EndNotes

Work, help others = long life

114 year old Walter Breuning, world's oldest man (Michael Albans / Fr35247 Ap)
114 year old Walter Breuning, world's oldest man (Michael Albans / Fr35247 Ap)

The world's oldest man died last week. At 114-years-old, Walter Breuning left this world, but offers a legacy of wisdom: embrace change - "all change is good," eat only two meals each day because "that's all you need," Breuning claimed.  He told people to "work as long as you can" since costs go up and that money is handy and finally "help others."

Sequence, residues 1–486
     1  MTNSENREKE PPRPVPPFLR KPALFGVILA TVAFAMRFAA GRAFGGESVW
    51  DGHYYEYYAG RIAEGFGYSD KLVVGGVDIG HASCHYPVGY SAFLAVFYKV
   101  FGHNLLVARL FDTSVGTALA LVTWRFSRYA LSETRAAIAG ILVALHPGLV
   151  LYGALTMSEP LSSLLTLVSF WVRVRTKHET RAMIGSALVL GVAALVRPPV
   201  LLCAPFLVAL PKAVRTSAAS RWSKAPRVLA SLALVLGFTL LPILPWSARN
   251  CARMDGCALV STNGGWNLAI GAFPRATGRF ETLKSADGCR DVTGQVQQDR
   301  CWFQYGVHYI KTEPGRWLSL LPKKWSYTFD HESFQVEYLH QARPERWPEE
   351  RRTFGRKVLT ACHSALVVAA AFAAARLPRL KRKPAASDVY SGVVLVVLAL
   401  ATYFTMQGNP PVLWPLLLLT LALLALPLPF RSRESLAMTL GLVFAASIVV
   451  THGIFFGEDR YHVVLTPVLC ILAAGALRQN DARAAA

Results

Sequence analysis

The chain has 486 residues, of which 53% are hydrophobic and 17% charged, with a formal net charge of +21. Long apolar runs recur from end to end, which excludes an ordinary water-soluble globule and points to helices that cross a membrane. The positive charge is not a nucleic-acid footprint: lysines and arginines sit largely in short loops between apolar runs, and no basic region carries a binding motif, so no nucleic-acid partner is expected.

The hardest lesson: to accept death. "We're going to die. Some people are scared of dying. Never be afraid to die. Because you're born to die," he said.

 While we live in a culture that seeks secrets to longevity, Breuning had a simple and successful philosophy: "Everybody says your mind is the most important thing about your body. Your mind and your body. You keep both busy, and by God you'll be here a long time," he said.

(AP file photo)




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Spokesman-Review features writer Rebecca Nappi, along with writer Catherine Johnston of Olympia, Wash., discuss here issues facing aging boomers, seniors and those experiencing serious illness, dying, death and other forms of loss.





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